Eberts Thumb BanRoger Ebert wasn’t the reason I wanted to become a film critic, but he certainly fanned the flames of passion that I still have for the movie industry.

The spirited debates Ebert and fellow critic Gene Siskel (who died in 1999) would have each week — first on the public television version of their film critic show, “Sneak Previews,” and then later when it was syndicated as “Siskel and Ebert: At the Movies” — made me look at,  and appreciate more, a broader selection of films. I always seemed to side more with Ebert, who, of the pair, seemed the closest to having the same blue collar perspective I still try to bring to the job.

Ebert was the guy who wrote the screenplay for “Beyond the Valley of the Dolls” when he was younger; Siskel was the Yale graduate.

I didn’t always agree with Ebert, but the way he could clearly make an argument for a movie influenced me heavily. A person can be the master of words, but the most important thing in a review is to explain quickly whether you do or don’t like the film. Ebert always made it very clear.

Ebert’s known for his reviews, but he was just as gifted with his celebrity interviews. His stories always made you feel like you were in the seat next to him talking with the stars.

The only time I got to meet Ebert was at a publicity event at Epcot Center in Orlando. He was one of the invited guests and spent most of the evening talking more about himself than about movies.

I greeted him, saying “Thank you for your time Mr. Ebert.” To which he replied, “Thank you for not calling me Mr. Siskel.” I never could tell if he was joking about being mixed up with his TV partner or if it really made him mad. Of course, that’s what made their on-screen banter so much fun to watch.

Ebert and Siskel were unique. That’s obvious by how all of the other attempts to mimic their show have failed. Everything afterwards seemed like a pale imitation.

Viewers might not have been able to tell them apart in the beginning, but that changed as both grew to the have the same kind of star power that many actors have. You know you are well known when you are more associated with a thumbs up or thumbs down gesture than the ancient Romans.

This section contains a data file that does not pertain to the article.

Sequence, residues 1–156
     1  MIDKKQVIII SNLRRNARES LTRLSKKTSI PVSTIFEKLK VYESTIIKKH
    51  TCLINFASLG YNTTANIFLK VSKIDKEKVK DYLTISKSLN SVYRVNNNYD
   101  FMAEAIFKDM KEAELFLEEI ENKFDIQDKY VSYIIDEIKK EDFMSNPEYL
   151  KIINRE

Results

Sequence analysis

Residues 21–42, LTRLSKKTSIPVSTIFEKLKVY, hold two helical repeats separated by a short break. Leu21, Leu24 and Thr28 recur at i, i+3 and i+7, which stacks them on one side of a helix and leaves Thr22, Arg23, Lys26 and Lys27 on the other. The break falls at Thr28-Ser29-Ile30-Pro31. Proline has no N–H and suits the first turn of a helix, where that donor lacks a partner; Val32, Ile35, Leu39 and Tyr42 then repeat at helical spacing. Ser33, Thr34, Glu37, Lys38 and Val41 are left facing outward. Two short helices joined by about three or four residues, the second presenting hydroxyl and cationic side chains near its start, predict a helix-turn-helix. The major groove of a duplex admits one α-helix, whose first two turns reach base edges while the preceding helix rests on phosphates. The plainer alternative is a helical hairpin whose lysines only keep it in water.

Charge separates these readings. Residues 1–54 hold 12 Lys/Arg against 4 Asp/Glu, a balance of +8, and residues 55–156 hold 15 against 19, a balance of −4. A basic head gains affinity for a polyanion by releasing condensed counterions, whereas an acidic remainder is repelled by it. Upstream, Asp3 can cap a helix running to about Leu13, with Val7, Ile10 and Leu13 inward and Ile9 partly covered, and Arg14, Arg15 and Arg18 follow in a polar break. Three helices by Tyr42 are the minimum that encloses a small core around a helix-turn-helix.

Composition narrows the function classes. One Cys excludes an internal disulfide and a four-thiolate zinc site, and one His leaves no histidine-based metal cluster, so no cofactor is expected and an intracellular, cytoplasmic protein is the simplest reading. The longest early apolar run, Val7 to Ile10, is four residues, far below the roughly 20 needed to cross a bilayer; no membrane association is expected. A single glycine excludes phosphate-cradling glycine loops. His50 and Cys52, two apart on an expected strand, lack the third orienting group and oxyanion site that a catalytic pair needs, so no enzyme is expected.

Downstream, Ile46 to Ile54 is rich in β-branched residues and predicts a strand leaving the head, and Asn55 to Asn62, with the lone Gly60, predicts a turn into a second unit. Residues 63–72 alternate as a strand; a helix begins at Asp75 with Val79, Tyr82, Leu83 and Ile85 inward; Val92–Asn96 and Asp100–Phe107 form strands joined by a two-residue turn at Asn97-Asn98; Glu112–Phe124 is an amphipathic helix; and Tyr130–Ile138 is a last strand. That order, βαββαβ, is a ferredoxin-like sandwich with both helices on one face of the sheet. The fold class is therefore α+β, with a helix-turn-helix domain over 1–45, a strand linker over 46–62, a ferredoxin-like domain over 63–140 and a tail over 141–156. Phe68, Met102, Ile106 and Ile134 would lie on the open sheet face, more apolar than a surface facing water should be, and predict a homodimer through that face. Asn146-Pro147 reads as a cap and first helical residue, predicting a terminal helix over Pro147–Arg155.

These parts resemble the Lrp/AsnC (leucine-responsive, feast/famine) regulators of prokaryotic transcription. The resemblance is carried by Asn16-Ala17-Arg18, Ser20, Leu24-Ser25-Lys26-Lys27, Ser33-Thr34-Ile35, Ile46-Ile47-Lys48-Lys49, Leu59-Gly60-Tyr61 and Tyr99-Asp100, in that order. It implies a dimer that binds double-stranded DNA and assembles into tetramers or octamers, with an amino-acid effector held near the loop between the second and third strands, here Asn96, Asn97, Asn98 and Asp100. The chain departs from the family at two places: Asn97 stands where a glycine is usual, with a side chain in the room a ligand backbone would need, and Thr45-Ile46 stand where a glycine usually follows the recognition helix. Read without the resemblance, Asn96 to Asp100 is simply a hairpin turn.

The way Ebert so clearly passed on his passion for movies is a gift millions have all been able to enjoy from print to television. For that, I would like to give him one huge thumbs up.

Rick Bentley

Rick Bentley

Rick Bentley is a Star Wars fan, a movie critic and part-time ninja. He's met more famous people than most famous people.
Rick Bentley
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4 thoughts on “Roger Ebert fueled passion for films

  • April 4, 2013 at 2:09 pm

    I remember watching Ebert on TV when I was a kid. I loved watching the banter between him and Siskel. I think this is where my love of movies started. As an adult, I’ve enjoyed following him on Twitter and seeing how he lived and loved life. He will be missed.

  • April 4, 2013 at 2:49 pm

    Obviously, I watched Ebert growing up. It wasn’t until recently that I discovered his writing (via Twitter). The guy was a major talent in his ability (like Rick said) to quickly and concisely articulate a point (and not just about movies either). I have been thinking about writers whose work I missed in its prime (Hunter Thompson, Christopher Hitchens) and since rediscovered. Ebert will surely be added to this list.

  • April 4, 2013 at 4:49 pm

    I loved it when he and Siskel got into it over a movie on the show. This is such sad news. I followed him in recent years on Facebook and always loved reading his posts.

  • April 4, 2013 at 7:50 pm

    I second Rick’s comment about Ebert’s talent for getting to the point, stat. Not just because his reviews were easy to summarize in the movie pages. I recall Ebert writing once that he’d rather not review the movies he loathed, but he had to do it anyway. Even the (deserved) pans were good reviews.
    –Joe Wirt, an old Bakersfield Californian features wrangler


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